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Kentucky Derby at the Reno Turf Club
by David Farside
May 06, 2013 | 2634 views | 0 0 comments | 7 7 recommendations | email to a friend | print
Whether you are a horse racing fan or not, most everyone enjoys watching the Kentucky Derby. Col.  Meriwether Lewis Clark, Jr., grandson of William Clark (explorer) of the Lewis and Clark expedition, organized the building of Churchill Downs in Louisville, Kentucky. In 1875, the first Derby was run and for 138 consecutive years it is still an American tradition. Interestingly, during the first 28 years of the Derby, African-American jockeys won the race 15 times; including the youngest jockey to win the race at fifteen years-old, Alonzo “Lonnie” Clayton.

Women were also a part of the racing scene. In 1904, the race was won by Elwood, the first winner owned by a women, Laska Durnell.

I was taught how to read a racing form at the ripe old age of 12 by a few World War II veterans. I actually became pretty good at handicapping and could predict which horses would hit the board (come in the money). By the time I was 15, I had a bookie’s phone number and made an occasional bet during the summer. At the time, I think most everyone in the state of New Jersey and New York had a bookie’s number in their back pocket.

By the time I was 20, I started following the track. I began my one year journey at Garden State, in New Jersey, went on to Hialeah Park Race Track and Tropical Park Race Track in Florida, headed north to Sportsman’s Park in Chicago and wound up at Santa Anita and Hollywood Park in California.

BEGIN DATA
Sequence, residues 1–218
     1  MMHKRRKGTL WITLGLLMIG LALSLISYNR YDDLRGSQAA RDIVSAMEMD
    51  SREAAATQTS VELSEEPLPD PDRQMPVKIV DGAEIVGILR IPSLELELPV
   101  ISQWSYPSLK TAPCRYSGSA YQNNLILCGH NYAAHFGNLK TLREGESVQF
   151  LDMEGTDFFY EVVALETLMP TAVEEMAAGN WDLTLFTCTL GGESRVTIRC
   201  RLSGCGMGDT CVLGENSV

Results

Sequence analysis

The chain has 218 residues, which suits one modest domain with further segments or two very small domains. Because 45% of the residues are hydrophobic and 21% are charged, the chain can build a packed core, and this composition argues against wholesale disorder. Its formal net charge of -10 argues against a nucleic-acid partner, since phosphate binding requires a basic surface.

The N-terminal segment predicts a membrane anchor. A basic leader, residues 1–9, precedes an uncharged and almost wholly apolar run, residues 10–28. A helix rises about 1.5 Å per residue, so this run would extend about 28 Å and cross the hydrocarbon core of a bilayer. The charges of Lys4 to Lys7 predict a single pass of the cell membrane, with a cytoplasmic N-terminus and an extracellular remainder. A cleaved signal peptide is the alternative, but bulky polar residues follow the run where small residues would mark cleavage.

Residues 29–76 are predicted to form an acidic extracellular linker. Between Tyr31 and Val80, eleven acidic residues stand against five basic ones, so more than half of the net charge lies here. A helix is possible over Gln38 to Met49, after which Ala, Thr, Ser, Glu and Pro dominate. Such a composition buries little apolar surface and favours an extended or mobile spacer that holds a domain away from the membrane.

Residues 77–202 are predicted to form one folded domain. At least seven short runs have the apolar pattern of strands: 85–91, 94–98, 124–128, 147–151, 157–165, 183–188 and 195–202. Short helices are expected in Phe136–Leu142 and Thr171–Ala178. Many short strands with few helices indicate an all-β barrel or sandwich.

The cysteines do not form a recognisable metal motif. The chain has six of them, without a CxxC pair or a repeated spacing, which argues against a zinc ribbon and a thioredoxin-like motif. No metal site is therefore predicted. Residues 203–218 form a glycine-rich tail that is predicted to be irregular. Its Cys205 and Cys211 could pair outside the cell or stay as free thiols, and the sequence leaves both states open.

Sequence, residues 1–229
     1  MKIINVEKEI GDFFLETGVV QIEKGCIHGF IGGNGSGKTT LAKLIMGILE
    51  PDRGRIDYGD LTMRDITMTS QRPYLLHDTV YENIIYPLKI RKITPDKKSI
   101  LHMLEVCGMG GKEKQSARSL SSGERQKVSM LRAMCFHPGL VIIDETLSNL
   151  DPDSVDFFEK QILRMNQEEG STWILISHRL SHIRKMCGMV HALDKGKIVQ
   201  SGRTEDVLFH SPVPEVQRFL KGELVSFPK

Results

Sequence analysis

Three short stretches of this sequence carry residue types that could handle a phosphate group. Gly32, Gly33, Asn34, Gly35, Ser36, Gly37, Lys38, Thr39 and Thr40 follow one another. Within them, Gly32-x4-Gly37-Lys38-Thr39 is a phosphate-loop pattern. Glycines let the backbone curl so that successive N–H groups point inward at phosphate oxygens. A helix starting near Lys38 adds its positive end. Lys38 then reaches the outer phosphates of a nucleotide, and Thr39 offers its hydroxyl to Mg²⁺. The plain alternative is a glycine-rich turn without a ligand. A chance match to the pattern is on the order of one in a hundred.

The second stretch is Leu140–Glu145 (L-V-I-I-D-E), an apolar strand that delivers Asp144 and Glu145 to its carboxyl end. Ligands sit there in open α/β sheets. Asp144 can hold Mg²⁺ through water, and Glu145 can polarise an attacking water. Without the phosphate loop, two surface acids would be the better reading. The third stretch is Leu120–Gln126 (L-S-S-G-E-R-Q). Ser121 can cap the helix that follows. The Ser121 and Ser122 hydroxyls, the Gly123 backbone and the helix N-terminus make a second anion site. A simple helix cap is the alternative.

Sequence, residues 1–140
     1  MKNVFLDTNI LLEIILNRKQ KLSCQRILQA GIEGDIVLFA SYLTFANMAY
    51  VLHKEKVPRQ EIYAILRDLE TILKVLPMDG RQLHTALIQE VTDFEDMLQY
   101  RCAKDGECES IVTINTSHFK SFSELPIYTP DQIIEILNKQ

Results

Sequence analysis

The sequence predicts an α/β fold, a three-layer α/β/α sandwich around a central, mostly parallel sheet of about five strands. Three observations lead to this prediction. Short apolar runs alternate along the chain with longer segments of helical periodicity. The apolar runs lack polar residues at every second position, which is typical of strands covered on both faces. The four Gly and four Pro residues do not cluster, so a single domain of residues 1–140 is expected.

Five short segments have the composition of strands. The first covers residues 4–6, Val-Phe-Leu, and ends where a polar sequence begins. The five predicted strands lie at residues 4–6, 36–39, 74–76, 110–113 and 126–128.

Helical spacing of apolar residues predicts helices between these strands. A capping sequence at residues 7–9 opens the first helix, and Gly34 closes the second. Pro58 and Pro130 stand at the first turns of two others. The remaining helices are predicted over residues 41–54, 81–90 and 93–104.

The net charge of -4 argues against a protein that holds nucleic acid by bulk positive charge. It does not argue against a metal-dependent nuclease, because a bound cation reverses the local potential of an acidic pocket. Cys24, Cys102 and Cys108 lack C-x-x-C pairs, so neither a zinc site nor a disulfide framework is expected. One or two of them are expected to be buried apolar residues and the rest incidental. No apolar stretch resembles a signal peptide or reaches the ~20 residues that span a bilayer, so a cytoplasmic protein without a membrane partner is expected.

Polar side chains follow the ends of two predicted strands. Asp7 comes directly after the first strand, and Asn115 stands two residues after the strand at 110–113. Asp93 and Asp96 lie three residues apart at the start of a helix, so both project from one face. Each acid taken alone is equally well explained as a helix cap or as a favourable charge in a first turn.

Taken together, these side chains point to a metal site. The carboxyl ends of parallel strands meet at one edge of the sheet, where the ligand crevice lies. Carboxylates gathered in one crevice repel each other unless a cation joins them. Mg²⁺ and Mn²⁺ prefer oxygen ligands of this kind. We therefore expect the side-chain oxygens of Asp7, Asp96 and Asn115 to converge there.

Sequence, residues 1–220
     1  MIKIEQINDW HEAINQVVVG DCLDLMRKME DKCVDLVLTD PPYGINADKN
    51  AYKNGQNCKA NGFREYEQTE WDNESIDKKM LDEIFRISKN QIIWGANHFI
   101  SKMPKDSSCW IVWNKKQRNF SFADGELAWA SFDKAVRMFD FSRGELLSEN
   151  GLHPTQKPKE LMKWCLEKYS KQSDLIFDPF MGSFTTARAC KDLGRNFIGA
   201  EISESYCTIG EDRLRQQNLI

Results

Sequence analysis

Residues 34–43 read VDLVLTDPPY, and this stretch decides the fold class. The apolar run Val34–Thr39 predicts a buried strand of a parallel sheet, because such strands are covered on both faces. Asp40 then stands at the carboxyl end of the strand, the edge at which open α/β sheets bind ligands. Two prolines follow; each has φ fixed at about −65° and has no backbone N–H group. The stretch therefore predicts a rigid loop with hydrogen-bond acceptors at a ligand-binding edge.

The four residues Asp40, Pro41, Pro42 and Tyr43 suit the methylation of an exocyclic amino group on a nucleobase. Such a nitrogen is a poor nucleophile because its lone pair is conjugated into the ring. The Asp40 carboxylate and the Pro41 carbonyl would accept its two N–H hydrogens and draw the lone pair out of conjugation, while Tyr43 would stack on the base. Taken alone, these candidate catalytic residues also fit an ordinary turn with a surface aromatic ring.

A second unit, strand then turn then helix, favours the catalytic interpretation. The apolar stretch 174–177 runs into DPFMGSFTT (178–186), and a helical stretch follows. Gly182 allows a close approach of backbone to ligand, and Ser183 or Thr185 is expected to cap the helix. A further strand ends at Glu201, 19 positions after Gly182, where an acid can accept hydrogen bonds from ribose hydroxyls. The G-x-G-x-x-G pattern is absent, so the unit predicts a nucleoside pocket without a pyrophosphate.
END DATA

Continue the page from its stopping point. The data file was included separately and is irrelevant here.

I started with $800 in my pocket; had a great time, learned a lot about people, made great friends, picked up an odd job selling “tout sheets” at the track and ended up with $500 when I decided it was time to get a real job and settle down.

I moved to Reno in the late ‘60s. One of  the first spots I hit was the Reno Turf Club. Talk about an eclectic clientele. It was a social melting pot comprised of doctors, lawyers and even an Indian Chief. Accountants, businessmen, politicians, school administrators, entertainers, rich and poor all seemed to gravitate to the Turf Club. Occasionally, Mustang Ranch brothel owner Joe Conforte or his bodyguard would make a wager on his prizefighter Oscar “Ringo” Bonavena.

Ringo was strong but he couldn’t stop a bullet from a high powered rifle. Bonavena had an affair with Joe’s wife, Sally. One night, he went to the ranch to see Sally. Security wouldn’t let him through the gate. Supposedly, he attempted to get by the guards and Willard Brymer, Conforte’s ex personal bodyguard, stepped in and shot Bonavena through the heart. Brymer was sentenced to only 15 months in prison for voluntary manslaughter.

Damon Runyon would have had a field day spinning his tongue-in-cheek stories of hustlers, gamblers and sometime gangsters from all walks of life frequenting the Turf Club. For years, before it closed, I always watched the Kentucky Derby from the bar there. Do I miss the good old days at the Turf Club? You bet.

David Farside is a Sparks resident and political activist.
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